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View Diary: Why is nobody talking about the OTHER Obamacare subsidy? (178 comments)

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  •  More docs/RNs = more competition (3+ / 0-)
    Recommended by:
    marina, Notreadytobenice, KingTag

    A lot of the problems with health costs are because of a lack of competition.

    If doctors had to compete with each other for business, wouldn't costs be lower?

    Trivia: there are 2 industries that are exempt from the anti-trust laws: major league baseball and health insurance companies.

    Cheers.

    Against stupidity the gods themselves contend in vain. Friedrich Schiller

    by databob on Fri Nov 22, 2013 at 05:45:29 PM PST

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    •  I'm not sure law of supply and demand.... (1+ / 0-)
      Recommended by:
      Odysseus

      holds in medical professions. The legal profession has abundant # of J.D.'s and still paying $200-300+/hour at least here in Boston.

      For the Professions, consider Managed Competition as having the best benefits vs. costs for our country.

      I'd like to see managed competition considered for other trades as wells. Major League Baseball players and Major League CEO's come to mind.

    •  It doesn't work like that. In places with (2+ / 0-)
      Recommended by:
      Cardinal Fang, kurt

      an abundance of doctors and especially hospital beds expenditures are higher. Examples: Boston area and that town  in TX that Atul Gawande wrote about (the New Yorker, June 2009).

      What is needed is more primary care providers and fewer specialists. Except psychiatrists — more, many more of those are needed.

      Competition in personal services doesn't reduce prices. Do you really look for the cheapest doctor — or the cheapest barber/hairdresser?

      I'm asking you to believe. Not in my ability to bring about real change in Washington ... *I'm asking you to believe in yours.* Barack Obama

      by samddobermann on Sat Nov 23, 2013 at 06:04:23 AM PST

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      •  Actually, we don't need more psychiatrists (0+ / 0-)

        a large part of today's apparent epidemic of mental illness is due to people living in constant economic and social insecurity...if people who wanted them could find living wage jobs that were reasonably secure, there'd be a whole lot less depression. A lot of what looks like mental illness (I'm not saying all, obviously there are plenty of genuine schizophrenics  and bipolars out there) is just a normal reaction to living in very screwed up society.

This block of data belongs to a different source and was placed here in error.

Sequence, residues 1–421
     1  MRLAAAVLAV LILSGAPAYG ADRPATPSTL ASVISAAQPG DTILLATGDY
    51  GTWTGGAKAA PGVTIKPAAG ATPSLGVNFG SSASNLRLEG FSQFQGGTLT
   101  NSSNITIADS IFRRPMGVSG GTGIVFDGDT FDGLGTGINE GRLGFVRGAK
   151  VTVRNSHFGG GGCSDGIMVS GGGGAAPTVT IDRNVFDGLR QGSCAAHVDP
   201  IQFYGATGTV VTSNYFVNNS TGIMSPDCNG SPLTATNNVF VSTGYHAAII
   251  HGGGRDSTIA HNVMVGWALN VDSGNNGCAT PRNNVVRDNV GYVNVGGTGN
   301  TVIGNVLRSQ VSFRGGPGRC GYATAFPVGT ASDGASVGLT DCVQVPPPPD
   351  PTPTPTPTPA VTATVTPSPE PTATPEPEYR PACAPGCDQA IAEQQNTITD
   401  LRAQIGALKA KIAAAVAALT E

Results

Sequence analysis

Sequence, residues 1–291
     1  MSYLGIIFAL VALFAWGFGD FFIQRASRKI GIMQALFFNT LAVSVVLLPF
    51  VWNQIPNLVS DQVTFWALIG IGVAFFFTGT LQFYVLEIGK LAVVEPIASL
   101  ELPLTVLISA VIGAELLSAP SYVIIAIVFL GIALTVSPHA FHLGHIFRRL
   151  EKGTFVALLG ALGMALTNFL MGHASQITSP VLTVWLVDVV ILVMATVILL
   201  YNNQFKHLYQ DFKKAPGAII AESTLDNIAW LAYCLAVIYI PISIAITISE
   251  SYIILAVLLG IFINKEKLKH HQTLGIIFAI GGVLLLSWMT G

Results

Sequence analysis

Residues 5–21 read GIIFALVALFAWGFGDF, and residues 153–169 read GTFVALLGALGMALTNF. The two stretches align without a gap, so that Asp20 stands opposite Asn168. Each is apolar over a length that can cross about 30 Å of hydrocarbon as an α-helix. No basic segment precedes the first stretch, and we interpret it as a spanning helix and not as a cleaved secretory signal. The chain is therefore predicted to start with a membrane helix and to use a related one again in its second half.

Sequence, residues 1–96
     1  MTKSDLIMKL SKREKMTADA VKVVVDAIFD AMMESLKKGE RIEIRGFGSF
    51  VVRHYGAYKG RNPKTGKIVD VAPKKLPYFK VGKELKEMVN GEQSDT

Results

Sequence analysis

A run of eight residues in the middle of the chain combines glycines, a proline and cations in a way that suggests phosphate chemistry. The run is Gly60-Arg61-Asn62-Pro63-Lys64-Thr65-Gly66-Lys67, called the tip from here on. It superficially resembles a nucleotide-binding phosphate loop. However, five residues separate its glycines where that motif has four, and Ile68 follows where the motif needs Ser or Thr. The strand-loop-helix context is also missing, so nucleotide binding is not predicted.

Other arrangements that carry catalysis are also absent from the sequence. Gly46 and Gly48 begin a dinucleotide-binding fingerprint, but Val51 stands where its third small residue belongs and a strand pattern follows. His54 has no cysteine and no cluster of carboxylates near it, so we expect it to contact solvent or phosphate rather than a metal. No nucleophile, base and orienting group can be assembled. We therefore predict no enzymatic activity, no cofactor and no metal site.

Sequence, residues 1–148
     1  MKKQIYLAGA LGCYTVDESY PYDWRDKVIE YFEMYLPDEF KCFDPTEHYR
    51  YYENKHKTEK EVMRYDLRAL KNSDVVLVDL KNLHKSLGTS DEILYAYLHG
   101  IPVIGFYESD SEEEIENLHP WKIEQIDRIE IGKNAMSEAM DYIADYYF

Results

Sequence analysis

What we really need are gerontologists. Caring for elderly patients calls for special training, and when doctors without that training make mistakes, it not only injures elderly patients, it sends Medicare costs through the roof.

        "All governments lie, but disaster lies in wait for countries whose officials smoke the same hashish they give out." --I.F. Stone

        by Alice in Florida on Sat Nov 23, 2013 at 04:37:45 PM PST

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        •  We need both. But Psychiatrists are (0+ / 0-)

          in very short supply. And when someone with a serious disabling mental illness has to wait 6 to 12 weeks between appointments or can't get a hospital bed when the need is very high — as for Gus Creeds — there is a serious lack.

          You denigrate mental illness with your "it's a reaction to a crazy society" dogma. People with serious depression don't get better if you give them a job. Often they can't DO a job. We are not seeing an epidemic of mental illness. Low grade depression in people in ghastly situations is normal and not illness.